Clean energy projects in India received 74% or ₹24,380 crore of the total funds from financial institutions last year. Which means that Indian lenders have given more loans to renewable sources of energy than other fossil fuels for the 3rd year in a row, this is what makes it such a big deal.
For a third straight year in 2020, the Indian lenders loaned and invested more funds to clean energy projects than the coal-based ones. After the PM revealed aspirational goals for cutting emissions, a lot more is expected to be invested in the renewables sector in the coming years.
The New Delhi-based research organisations (Climate Trends and Centre for Financial Accountability) have reported that the clean energy-related projects received 74% of total funds from the financial institutions in 2020, which is ₹243.8 billion. Compared to the ₹229.71 billion clean energy project approvals of 2019, this is a 6% rise.
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ust 26% of the 2020 funds from the Indian lenders, which was 85.2 billion rupees, went to the coal-run plants. This makes it a slapping 86% slump in approvals for these plants from 2017, which is also in sync with the declining investments and loans for fossil fuel funded projects.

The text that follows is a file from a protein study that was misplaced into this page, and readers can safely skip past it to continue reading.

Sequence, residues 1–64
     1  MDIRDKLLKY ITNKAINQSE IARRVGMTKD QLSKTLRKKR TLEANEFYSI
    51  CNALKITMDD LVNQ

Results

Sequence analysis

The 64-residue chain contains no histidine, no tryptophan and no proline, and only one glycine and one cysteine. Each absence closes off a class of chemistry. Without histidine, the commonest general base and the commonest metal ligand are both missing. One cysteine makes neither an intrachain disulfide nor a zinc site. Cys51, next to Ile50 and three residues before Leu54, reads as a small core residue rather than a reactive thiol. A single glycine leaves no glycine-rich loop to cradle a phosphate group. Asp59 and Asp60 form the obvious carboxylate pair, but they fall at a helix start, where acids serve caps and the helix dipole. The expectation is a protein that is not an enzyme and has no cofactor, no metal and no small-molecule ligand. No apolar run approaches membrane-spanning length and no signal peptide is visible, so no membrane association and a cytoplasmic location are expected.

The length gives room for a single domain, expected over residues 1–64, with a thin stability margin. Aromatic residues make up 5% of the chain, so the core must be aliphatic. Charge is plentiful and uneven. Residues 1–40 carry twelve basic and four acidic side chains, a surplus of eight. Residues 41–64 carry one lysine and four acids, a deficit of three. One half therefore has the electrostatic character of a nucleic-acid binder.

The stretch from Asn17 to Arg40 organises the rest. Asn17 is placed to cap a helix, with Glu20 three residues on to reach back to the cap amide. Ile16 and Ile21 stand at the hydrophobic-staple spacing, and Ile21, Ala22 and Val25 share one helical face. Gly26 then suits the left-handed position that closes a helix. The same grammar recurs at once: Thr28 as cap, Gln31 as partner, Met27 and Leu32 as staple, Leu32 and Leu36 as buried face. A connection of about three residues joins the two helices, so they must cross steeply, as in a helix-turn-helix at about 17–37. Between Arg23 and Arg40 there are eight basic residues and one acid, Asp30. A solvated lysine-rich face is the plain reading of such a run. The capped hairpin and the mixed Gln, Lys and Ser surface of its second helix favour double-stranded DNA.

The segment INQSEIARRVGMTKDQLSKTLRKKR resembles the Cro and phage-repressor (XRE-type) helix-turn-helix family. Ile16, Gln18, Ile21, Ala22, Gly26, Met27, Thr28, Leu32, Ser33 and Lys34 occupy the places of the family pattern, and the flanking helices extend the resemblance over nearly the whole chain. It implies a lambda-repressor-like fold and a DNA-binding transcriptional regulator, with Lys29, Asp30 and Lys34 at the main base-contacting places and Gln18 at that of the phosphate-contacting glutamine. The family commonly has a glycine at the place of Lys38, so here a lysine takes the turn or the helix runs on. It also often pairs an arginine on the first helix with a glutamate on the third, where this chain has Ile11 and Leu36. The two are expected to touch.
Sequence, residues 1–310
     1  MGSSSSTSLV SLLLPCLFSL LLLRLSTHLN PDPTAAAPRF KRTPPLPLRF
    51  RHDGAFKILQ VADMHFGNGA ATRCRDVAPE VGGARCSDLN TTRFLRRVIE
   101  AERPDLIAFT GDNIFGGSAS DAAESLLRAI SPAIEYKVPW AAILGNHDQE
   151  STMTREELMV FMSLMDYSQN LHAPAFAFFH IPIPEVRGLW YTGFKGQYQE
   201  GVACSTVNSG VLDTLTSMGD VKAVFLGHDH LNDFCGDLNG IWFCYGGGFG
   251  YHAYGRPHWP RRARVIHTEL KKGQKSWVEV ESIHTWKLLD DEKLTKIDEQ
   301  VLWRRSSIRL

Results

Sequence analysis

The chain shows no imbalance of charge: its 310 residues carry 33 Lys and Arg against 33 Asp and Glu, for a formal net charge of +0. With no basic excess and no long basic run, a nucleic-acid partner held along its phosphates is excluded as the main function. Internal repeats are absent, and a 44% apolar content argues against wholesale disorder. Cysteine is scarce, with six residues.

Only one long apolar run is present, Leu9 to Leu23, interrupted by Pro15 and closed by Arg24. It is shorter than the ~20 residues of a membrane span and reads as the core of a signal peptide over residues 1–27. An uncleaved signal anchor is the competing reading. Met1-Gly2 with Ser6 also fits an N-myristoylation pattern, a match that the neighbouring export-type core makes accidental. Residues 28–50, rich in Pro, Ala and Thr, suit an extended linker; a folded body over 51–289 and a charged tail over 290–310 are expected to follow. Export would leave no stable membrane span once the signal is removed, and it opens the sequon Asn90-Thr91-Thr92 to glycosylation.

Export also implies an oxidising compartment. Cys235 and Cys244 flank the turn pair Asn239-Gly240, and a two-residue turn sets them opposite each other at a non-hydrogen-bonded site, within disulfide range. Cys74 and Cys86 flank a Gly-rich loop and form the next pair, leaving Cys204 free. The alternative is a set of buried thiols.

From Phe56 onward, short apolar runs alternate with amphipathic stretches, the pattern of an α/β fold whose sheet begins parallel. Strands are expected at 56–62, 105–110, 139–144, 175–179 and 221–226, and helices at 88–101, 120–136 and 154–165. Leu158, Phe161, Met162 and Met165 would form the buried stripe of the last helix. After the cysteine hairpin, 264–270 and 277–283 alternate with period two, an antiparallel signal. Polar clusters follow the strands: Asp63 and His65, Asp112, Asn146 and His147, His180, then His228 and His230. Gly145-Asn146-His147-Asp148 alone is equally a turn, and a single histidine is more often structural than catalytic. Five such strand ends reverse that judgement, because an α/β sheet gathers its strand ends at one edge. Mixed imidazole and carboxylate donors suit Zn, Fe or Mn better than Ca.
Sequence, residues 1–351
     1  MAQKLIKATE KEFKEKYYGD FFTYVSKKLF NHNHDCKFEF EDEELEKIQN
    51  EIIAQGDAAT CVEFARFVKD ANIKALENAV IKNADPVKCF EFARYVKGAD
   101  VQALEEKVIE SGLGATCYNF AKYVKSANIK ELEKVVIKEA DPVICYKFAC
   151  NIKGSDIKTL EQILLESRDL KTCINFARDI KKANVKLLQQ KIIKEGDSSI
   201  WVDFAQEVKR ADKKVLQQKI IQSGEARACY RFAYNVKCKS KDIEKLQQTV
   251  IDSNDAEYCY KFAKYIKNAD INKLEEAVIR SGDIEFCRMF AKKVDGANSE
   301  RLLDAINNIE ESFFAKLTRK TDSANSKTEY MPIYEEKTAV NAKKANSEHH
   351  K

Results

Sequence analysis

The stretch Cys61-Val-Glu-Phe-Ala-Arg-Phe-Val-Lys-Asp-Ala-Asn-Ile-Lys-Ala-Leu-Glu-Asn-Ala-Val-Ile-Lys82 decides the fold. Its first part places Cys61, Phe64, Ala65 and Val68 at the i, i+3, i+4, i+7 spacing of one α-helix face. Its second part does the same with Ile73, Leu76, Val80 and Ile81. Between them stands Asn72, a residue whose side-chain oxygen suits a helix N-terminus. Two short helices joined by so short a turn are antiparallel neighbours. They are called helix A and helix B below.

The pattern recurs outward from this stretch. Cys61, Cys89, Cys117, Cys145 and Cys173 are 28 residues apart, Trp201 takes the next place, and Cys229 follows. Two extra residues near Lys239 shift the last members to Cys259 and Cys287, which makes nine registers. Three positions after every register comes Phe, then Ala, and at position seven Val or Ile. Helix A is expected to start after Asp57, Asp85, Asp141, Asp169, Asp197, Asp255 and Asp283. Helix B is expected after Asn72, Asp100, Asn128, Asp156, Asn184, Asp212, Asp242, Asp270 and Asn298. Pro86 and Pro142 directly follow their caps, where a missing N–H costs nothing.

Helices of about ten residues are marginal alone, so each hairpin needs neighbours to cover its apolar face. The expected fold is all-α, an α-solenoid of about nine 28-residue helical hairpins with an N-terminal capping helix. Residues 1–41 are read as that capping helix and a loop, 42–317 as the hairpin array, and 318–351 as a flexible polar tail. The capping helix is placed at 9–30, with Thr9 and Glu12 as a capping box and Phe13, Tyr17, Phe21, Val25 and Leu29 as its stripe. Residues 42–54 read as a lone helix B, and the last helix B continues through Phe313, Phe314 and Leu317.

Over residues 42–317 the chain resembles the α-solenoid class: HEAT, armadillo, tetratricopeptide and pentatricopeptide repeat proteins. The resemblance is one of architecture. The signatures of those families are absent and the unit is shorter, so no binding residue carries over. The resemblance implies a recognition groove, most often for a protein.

This plan has come into effect since the PM’s announcement of the net-zero emissions by 2070 goal at COP26. India’s 2030 target for the low-emission energy capacity was also raised by the PM, to 500 GW from 450 GW. They have planned to generate half this electricity from renewable energy sources.
Although lenders are favoring clean energy more, coal’s lending increased by 40% to ₹85.2 billion in 2020 after two continuous years of constant decline. The report, which analyzed project finances worth ₹329.97 billion, revealed that solar energy got most of the financing.
Despite it, renewable energy remains 40% of India’s current installed capacity, that is 392 GW, and coal forms 52%, according to the data released by the government.